The following will contain spoilers for Mass Effect and its sequels. Reader discretion is advised.
Every time I play Mass Effect, Kaidan Alenko survives the mission on Virmire. That quest is a pivotal moment in the first game, where players are forced to pick between Kaidan and Ashley Williams, as they both can’t make it off the planet alive. It’s a diverging point for a lot of players, making it a crucial bullet point to run down when you look at your choices across the trilogy.
Last week, BioWare released some statistics on how people are playing through the Mass Effect: Legendary Edition remasters, and comparatively speaking, Kaidan and Ashley’s divide is much smaller than it was a decade ago. But it also means the conversation about which character is the “right” choice has naturally come up.
I obviously advocate for saving Kaidan on the basis of him being my love interest, but I’ve also made the argument that he has the better arc across the trilogy. Ashley is still seeing the end of Mass Effect 1 for 60 percent of players, and while some people are playing the series for the first time, there’s an argument frequently made by established fans that Ashley grows across the trilogy and that’s something worth seeing. To which I have to ask: what game is everyone else playing? Ashley carries the unfortunate distinction of being one of the only Mass Effect characters that distinctly lacks a proper conclusion. Which is a shame, because, despite her divisive nature, she has a pretty strong foundation at the start.
Ashley Williams, like everyone else in the original Mass Effect game, sets a pretty strong basis for a character that could, hypothetically, have an overarching story across all three games in the trilogy. She’s a military brat turned military herself, but her family lineage within the human’s Alliance Navy has a difficult history. Her grandfather was the first human to ever surrender to an alien force during the First Contact War between humanity and the Turians. As a result, her own military career has been rife with baggage. She claims she’s dealt with a lot of professional stigma surrounding her family, and her work with protagonist Commander Shepard is the most action she’s seen.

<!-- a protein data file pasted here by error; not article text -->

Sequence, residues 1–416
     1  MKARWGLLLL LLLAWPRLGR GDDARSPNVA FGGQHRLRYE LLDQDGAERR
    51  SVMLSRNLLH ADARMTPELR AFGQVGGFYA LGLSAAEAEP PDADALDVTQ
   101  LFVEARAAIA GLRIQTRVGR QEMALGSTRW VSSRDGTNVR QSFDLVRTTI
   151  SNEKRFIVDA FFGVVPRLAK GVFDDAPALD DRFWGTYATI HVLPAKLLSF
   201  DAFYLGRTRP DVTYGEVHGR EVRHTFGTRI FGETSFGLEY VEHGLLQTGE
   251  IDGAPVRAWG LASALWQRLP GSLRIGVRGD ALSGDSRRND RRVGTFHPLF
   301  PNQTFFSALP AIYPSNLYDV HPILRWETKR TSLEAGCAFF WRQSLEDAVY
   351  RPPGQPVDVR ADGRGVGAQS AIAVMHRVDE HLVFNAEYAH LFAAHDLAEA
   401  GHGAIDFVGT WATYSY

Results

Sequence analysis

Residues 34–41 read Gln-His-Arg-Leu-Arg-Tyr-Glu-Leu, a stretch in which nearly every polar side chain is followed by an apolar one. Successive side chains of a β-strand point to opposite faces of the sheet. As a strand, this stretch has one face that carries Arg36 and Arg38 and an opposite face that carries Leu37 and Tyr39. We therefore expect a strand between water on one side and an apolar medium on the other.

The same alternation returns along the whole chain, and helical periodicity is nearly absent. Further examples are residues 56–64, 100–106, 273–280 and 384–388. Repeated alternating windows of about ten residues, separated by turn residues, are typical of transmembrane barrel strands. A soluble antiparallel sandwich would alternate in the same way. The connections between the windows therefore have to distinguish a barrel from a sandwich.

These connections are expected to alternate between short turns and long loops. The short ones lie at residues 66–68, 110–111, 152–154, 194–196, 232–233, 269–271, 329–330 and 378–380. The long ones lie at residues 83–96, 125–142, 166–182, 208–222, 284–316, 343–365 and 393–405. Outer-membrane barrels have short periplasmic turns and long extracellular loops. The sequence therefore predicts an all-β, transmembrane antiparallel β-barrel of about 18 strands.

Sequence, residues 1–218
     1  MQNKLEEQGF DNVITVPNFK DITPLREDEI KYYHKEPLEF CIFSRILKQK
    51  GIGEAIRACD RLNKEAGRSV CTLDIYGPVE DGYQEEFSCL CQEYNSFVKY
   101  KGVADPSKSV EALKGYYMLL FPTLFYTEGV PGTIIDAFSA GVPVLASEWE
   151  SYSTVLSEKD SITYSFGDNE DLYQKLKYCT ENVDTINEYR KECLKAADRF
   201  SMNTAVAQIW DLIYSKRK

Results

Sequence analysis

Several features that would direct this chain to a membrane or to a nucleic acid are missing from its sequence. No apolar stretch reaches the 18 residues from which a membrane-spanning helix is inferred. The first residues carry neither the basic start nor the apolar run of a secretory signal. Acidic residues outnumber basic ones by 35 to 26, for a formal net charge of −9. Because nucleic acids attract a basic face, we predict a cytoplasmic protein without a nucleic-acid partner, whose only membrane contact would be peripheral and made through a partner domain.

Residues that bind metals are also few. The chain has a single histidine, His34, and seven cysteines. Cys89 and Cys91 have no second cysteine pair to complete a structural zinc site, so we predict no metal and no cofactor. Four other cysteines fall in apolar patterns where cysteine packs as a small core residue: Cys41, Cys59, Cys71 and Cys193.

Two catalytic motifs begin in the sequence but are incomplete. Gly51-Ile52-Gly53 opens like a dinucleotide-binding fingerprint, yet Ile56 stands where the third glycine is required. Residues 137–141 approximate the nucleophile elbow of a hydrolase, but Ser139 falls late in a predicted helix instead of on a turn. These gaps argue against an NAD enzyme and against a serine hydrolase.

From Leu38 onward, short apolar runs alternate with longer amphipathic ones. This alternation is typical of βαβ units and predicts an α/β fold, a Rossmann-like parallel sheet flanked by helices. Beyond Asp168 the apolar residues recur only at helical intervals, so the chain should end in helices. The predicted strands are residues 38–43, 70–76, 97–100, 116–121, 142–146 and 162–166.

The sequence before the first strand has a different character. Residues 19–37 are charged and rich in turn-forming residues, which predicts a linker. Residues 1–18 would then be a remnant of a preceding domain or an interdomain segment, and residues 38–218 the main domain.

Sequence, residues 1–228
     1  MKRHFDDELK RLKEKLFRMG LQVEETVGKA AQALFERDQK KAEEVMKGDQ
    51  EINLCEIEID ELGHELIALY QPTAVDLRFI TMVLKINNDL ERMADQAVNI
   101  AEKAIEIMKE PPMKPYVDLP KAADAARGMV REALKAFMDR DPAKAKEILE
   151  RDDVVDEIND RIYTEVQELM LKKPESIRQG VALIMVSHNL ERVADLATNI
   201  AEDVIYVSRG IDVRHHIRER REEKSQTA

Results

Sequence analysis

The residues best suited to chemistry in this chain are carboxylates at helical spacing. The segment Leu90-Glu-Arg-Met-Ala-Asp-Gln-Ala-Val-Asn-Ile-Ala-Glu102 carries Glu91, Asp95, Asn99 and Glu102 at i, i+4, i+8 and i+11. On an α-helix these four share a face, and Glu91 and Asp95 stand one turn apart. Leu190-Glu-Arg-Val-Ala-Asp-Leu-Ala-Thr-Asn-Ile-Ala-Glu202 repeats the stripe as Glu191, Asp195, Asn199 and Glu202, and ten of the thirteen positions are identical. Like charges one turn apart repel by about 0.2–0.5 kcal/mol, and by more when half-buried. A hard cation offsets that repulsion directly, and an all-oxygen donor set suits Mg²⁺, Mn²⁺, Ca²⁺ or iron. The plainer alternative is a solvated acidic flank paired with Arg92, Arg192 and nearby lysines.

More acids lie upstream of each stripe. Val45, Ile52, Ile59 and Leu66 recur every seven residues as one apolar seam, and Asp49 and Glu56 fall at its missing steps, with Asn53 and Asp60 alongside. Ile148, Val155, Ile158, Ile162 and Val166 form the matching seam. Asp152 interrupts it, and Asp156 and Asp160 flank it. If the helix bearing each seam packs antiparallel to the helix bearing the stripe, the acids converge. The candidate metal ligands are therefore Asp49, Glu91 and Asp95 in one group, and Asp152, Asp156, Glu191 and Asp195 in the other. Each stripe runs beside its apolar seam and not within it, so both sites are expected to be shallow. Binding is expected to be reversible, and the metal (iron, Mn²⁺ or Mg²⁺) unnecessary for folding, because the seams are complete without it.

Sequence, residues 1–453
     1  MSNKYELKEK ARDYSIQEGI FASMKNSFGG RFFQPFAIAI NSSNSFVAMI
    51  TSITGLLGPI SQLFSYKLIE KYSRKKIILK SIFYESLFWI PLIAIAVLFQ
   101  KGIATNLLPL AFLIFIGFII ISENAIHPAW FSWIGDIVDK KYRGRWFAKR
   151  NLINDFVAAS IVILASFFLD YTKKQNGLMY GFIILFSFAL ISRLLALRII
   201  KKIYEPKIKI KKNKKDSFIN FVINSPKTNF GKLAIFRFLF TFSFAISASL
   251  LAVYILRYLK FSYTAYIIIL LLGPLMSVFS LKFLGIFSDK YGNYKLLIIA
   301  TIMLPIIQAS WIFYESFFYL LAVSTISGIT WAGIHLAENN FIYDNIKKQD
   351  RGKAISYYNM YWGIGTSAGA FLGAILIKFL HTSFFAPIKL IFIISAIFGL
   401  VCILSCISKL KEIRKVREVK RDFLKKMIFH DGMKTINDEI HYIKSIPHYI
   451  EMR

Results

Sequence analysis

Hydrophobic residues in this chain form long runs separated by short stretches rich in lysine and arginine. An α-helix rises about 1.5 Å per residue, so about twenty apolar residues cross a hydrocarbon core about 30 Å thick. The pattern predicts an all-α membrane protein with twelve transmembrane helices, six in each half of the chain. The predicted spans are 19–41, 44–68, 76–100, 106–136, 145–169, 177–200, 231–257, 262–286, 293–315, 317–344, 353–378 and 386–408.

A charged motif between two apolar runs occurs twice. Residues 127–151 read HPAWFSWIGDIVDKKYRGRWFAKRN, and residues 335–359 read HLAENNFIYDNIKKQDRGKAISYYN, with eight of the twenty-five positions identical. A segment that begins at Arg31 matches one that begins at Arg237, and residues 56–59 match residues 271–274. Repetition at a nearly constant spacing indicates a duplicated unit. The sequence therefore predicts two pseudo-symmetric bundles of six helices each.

But that same lack of experience working with aliens, plus the resentment she feels for her grandfather’s surrender, has all culminated in a distrust of other species, which has given her the “space racist” moniker that followed her for over a decade of fandom. Early on, she confides in Shepard she doesn’t think the human crew should allow aliens like Garrus Vakarian and Urdnot Wrex free reign around the ship. The player does have the option to shut her down and tell her she’s out of line, but if you hear her out, her explanation is rooted in a nihilistic view of the galactic community, and humanity should be ready to solve its problems without the help of others. This goes on until she makes the comparison of siccing a dog on a bear during an attack, because, “as much as you love your dog, it isn’t human.” She says it’s “not really” racism, but argues members of one’s own species will always be more important to them.
So what comes next for this character? She can argue semantics all she wants, but it’s totally justifiable for a player to see her beliefs as prejudiced. And like everyone else in the first Mass Effect, Ashley’s story is left as a hanging thread because more games are coming. Should Ashley survive the mission on Virmire, it seems only natural her relationship to aliens would gradually get better, and by Mass Effect 3, we’d see her disavowing these views.